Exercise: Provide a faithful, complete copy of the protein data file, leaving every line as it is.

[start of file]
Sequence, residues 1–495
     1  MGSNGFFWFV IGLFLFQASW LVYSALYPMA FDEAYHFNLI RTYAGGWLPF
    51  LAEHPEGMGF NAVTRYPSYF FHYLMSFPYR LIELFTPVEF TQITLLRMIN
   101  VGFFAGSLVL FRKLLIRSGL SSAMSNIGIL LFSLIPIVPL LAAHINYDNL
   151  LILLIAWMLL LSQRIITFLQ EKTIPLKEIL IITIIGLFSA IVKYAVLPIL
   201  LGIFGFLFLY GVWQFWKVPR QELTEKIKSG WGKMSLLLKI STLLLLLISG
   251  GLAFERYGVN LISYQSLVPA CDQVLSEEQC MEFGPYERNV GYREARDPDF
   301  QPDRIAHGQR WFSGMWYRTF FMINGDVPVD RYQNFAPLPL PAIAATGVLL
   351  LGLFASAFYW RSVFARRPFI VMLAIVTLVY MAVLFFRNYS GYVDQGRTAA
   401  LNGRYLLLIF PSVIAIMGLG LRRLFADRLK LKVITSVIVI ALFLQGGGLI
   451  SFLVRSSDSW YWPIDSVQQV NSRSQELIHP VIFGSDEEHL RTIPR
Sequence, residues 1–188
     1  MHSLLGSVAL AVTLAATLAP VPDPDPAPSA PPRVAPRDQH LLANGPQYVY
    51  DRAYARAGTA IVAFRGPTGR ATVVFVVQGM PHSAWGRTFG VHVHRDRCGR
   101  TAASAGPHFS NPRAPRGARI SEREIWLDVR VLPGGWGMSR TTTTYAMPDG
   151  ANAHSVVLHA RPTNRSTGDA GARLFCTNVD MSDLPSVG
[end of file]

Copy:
Sequence, residues 1–495
     1  MGSNGFFWFV IGLFLFQASW LVYSALYPMA FDEAYHFNLI RTYAGGWLPF
    51  LAEHPEGMGF NAVTRYPSYF FHYLMSFPYR LIELFTPVEF TQITLLRMIN
   101  VGFFAGSLVL FRKLLIRSGL SSAMSNIGIL LFSLIPIVPL LAAHINYDNL
   151  LILLIAWMLL LSQRIITFLQ EKTIPLKEIL IITIIGLFSA IVKYAVLPIL
   201  LGIFGFLFLY GVWQFWKVPR QELTEKIKSG WGKMSLLLKI STLLLLLISG
   251  GLAFERYGVN LISYQSLVPA CDQVLSEEQC MEFGPYERNV GYREARDPDF
   301  QPDRIAHGQR WFSGMWYRTF FMINGDVPVD RYQNFAPLPL PAIAATGVLL
   351  LGLFASAFYW RSVFARRPFI VMLAIVTLVY MAVLFFRNYS GYVDQGRTAA
   401  LNGRYLLLIF PSVIAIMGLG LRRLFADRLK LKVITSVIVI ALFLQGGGLI
   451  SFLVRSSDSW YWPIDSVQQV NSRSQELIHP VIFGSDEEHL RTIPR
Sequence, residues 1–188
     1  MHSLLGSVAL AVTLAATLAP VPDPDPAPSA PPRVAPRDQH LLANGPQYVY
    51  DRAYARAGTA IVAFRGPTGR ATVVFVVQGM PHSAWGRTFG VHVHRDRCGR
   101  TAASAGPHFS NPRAPRGARI SEREIWLDVR VLPGGWGMSR TTTTYAMPDG
   151  ANAHSVVLHA RPTNRSTGDA GARLFCTNVD MSDLPSVG